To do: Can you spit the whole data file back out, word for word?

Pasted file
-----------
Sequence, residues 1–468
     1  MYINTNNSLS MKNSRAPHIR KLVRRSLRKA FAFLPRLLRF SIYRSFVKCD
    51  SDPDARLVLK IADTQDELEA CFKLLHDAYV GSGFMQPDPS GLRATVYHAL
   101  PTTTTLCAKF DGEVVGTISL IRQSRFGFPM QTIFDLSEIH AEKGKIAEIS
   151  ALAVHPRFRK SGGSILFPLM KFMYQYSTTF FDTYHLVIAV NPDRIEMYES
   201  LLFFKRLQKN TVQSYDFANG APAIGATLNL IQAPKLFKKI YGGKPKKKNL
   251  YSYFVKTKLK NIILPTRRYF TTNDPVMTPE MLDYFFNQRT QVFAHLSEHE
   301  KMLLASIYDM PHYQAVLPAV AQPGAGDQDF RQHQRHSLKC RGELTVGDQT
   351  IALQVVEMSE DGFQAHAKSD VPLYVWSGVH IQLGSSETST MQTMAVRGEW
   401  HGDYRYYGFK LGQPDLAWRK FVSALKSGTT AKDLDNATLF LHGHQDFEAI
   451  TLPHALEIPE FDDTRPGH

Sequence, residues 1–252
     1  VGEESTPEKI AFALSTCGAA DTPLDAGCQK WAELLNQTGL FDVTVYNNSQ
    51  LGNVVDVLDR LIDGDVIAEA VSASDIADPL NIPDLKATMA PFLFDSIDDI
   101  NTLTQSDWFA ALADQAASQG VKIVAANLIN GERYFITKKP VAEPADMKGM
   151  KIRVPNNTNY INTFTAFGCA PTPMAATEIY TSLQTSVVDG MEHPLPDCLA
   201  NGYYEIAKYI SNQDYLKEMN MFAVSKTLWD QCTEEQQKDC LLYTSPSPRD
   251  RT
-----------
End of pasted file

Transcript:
Sequence, residues 1–468
     1  MYINTNNSLS MKNSRAPHIR KLVRRSLRKA FAFLPRLLRF SIYRSFVKCD
    51  SDPDARLVLK IADTQDELEA CFKLLHDAYV GSGFMQPDPS GLRATVYHAL
   101  PTTTTLCAKF DGEVVGTISL IRQSRFGFPM QTIFDLSEIH AEKGKIAEIS
   151  ALAVHPRFRK SGGSILFPLM KFMYQYSTTF FDTYHLVIAV NPDRIEMYES
   201  LLFFKRLQKN TVQSYDFANG APAIGATLNL IQAPKLFKKI YGGKPKKKNL
   251  YSYFVKTKLK NIILPTRRYF TTNDPVMTPE MLDYFFNQRT QVFAHLSEHE
   301  KMLLASIYDM PHYQAVLPAV AQPGAGDQDF RQHQRHSLKC RGELTVGDQT
   351  IALQVVEMSE DGFQAHAKSD VPLYVWSGVH IQLGSSETST MQTMAVRGEW
   401  HGDYRYYGFK LGQPDLAWRK FVSALKSGTT AKDLDNATLF LHGHQDFEAI
   451  TLPHALEIPE FDDTRPGH

Sequence, residues 1–252
     1  VGEESTPEKI AFALSTCGAA DTPLDAGCQK WAELLNQTGL FDVTVYNNSQ
    51  LGNVVDVLDR LIDGDVIAEA VSASDIADPL NIPDLKATMA PFLFDSIDDI
   101  NTLTQSDWFA ALADQAASQG VKIVAANLIN GERYFITKKP VAEPADMKGM
   151  KIRVPNNTNY INTFTAFGCA PTPMAATEIY TSLQTSVVDG MEHPLPDCLA
   201  NGYYEIAKYI SNQDYLKEMN MFAVSKTLWD QCTEEQQKDC LLYTSPSPRD
   251  RT